With his minutes and influence on this Liverpool side dwindling, Dan Morgan asks what the future holds for Alex Oxlade-Chamberlain


“DO I believe in myself? Yeah, of course I do.

“But there’s a lot of external factors in there. How much you play, how you play. But I’ve learnt now to get on with things.”

Alex Oxlade-Chamberlain has been a Liverpool player for over three years now. He has been both peripheral and on the periphery depending on which moment you’re reflecting on.

He has certainly been without luck at key times, and he’s also remained unforgivingly exposed to the naked eye. For many, they separate themselves from their occupation in a noble and seemingly easy fashion, given their exposure.

But Chamberlain has no such poker face. He wears his thoughts in demeanour and performance all the time under a watching gaze.

He remains part of a footballer’s eternal quest for purpose and belonging. Who am I? Where am I going? It’s a question we all encounter at certain points. For those we study for our own social gain, we at times get to see it play out as a subplot from the primary story arc we’re following.

Chamberlain is perhaps the epitome of such a notion. He needs planets aligned, to feel a million dollars in the shirt. The results are spectacular when that cocktail of factors mix. When it doesn’t, well…

Wednesday, April 14, 2021: Liverpool's substitutes Xherdan Shaqiri (L) and Alex Oxlade-Chamberlain prepare to come on during the UEFA Champions League Quarter-Final 2nd Leg game between Liverpool FC and Real Madrid CF at Anfield. The game ended in a goal-less draw, Real Madrid won 3-1 on aggregate.

That Liverpool haven’t been able to solve the particulars of the Oxlade-Chamberlain riddle is no reflection on anyone.

There have been a myriad of theories over time – from whether he would have served better as a wicketkeeper-batsman (something he was said to be as elite in school), to whether he is more an athlete playing football than the opposite – all of which example why the puzzle of the player goes back long before he was prized from North London.

Yet it cannot be said he hasn’t proved how good he can be under Jürgen Klopp. His whirlwind and spellbound blitz en route to Kyiv in 2018 exampled a player and person who had clearly made the voices subside and was liberated by such gay abandon.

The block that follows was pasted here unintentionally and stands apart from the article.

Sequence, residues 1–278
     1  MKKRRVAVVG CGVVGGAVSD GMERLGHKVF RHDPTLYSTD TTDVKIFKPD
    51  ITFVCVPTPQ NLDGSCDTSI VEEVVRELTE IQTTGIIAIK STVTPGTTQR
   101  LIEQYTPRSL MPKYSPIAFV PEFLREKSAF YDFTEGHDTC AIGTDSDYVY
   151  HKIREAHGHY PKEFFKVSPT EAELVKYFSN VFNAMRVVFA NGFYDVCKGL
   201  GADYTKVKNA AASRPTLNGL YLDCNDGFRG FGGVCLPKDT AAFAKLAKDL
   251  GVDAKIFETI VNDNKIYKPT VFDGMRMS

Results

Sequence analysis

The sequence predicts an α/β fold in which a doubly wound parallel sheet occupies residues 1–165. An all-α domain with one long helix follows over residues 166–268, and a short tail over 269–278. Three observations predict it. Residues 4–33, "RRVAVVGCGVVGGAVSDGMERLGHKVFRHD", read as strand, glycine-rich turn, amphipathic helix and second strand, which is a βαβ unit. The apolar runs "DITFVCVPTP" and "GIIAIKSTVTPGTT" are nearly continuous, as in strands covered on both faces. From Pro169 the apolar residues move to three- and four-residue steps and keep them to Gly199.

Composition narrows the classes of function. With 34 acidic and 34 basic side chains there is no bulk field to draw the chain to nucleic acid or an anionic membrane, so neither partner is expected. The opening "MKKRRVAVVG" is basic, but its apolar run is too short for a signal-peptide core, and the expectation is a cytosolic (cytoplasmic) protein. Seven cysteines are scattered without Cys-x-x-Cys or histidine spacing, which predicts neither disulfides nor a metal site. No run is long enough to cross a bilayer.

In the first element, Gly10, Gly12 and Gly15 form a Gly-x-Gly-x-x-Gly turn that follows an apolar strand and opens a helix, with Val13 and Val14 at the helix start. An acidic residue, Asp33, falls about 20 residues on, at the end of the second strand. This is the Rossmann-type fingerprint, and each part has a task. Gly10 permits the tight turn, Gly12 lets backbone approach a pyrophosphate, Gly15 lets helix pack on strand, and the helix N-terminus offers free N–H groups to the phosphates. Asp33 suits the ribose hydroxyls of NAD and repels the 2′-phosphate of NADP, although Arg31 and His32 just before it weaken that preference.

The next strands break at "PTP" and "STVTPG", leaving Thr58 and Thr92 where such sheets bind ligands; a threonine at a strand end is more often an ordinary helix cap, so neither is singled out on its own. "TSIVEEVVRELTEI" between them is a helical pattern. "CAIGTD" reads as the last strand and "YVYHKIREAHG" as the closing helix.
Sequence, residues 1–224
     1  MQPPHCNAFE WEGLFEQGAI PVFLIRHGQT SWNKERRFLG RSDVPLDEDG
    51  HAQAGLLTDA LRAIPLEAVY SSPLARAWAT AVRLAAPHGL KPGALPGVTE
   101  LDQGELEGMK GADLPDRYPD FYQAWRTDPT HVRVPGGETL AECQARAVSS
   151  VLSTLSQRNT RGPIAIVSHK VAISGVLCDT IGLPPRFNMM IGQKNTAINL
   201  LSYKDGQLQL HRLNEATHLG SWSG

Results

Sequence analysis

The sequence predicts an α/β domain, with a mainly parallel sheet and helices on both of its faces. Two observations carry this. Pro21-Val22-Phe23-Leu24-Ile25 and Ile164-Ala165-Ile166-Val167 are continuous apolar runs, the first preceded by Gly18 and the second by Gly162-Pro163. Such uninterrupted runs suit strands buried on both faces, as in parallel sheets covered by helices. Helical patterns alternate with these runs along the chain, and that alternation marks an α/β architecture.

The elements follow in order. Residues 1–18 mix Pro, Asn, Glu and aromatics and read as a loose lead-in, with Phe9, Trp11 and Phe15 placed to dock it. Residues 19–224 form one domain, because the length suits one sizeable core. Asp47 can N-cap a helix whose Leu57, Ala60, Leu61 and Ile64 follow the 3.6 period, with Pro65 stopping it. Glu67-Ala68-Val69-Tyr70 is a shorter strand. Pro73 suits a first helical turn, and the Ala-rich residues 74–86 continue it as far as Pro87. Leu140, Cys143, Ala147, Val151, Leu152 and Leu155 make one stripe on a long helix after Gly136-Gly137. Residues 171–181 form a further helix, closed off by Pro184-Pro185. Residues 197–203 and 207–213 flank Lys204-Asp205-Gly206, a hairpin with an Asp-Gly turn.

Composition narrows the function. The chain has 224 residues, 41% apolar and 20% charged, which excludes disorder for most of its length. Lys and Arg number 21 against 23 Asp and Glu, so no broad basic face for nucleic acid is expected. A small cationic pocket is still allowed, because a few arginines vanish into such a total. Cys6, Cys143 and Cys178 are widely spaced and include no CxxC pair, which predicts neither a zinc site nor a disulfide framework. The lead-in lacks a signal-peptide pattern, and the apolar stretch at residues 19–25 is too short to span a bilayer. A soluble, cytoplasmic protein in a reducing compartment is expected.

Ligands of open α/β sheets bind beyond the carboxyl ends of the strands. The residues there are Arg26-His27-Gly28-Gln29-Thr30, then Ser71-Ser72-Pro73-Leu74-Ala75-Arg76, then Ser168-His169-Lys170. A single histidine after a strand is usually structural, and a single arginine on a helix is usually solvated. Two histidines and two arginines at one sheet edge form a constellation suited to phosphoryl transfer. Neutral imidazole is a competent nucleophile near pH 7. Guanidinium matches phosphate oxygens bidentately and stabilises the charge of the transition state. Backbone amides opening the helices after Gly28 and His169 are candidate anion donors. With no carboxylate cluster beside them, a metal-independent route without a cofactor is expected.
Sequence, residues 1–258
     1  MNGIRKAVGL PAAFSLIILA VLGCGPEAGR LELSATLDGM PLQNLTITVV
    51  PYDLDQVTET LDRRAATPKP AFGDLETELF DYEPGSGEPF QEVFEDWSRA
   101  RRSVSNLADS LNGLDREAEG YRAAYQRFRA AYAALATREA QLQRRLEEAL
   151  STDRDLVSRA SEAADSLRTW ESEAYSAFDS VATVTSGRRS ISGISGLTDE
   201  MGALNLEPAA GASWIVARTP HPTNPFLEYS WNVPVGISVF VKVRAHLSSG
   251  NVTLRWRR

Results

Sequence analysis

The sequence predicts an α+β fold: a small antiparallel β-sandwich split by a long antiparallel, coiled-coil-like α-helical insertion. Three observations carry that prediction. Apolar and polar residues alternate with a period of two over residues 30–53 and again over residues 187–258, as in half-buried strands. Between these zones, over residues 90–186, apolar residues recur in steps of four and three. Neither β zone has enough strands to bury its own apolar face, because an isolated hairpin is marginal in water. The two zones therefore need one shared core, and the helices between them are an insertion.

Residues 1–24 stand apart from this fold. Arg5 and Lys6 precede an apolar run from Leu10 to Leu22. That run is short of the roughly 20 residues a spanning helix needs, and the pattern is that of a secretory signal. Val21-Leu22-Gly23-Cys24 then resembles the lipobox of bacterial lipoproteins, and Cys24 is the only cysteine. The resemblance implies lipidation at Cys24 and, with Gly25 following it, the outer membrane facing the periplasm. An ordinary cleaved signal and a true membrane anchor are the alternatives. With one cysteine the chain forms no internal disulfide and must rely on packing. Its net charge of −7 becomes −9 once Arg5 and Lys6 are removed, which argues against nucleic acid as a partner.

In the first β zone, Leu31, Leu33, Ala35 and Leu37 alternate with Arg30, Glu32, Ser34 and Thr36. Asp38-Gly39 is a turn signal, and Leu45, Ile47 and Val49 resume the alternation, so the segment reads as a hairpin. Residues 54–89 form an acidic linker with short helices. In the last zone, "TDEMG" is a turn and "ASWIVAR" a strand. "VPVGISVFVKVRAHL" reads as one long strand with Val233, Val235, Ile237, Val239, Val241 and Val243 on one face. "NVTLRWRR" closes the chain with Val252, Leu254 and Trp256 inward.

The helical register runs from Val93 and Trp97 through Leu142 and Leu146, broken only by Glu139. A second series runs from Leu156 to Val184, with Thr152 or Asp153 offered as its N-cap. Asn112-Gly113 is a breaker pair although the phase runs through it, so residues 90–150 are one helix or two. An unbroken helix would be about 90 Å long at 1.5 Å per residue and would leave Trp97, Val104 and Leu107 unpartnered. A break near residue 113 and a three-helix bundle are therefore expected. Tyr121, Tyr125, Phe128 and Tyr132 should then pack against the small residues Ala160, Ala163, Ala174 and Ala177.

Injury inevitably struck right at the point he needed it not to. But we’ve continued to learn that he’s a player who has no shortage of adversity and who is willing to, as he says himself, get on with things.

Problems remain, however, in where exactly his home in this team is? This also isn’t new. Chamberlain came to Liverpool because he felt without an identity and untrusted at Arsenal.

What’s damaging is this being his fourth season at Liverpool and there are still conversations about whether we should try him at right back.

Whatever you make of his current omission, there isn’t a way in which you view it as anything other than detrimental to him personally. Chamberlain is either untrusted in ability or character to be what Liverpool needs right now. That is a place no footballer wants to be.

Wednesday, April 14, 2021: Liverpool's Alex Oxlade-Chamberlain during the UEFA Champions League Quarter-Final 2nd Leg game between Liverpool FC and Real Madrid CF at Anfield. The game ended in a goal-less draw, Real Madrid won 3-1 on aggregate.

He isn’t alone, but he’s a case study which arguably defies logic most. Chamberlain should be the player we’re looking at to score five goals and get three assists from midfield in the remaining seven games.

He should be someone we’re saying has the resilience and work ethic we want in challenges such as this particular one. He seemingly ticks all of the boxes Liverpool requires, he always has.

But once again he remains in the place he has so often found himself; the abyss. Chamberlain has been allowed to meander at Liverpool in recent months with everyone – none more than himself – seemingly questioning the purpose of the enterprise.

Bring Alex Oxlade-Chamberlain up in conversation and you will likely elicit responses of loss cutting, unfairly treated or plain old not good enough. Nobody ever tells you what he is.

Why? Because at 27 years old he remains a footballer without a home. He remains the man who has everything to offer but no takers. He’s a riddle nobody can solve.

What do Liverpool do with him? I’m fearful that question has become bigger than you, I or Klopp.

For the sake of the person and his career, I can only hope whatever decision is made is the correct one.

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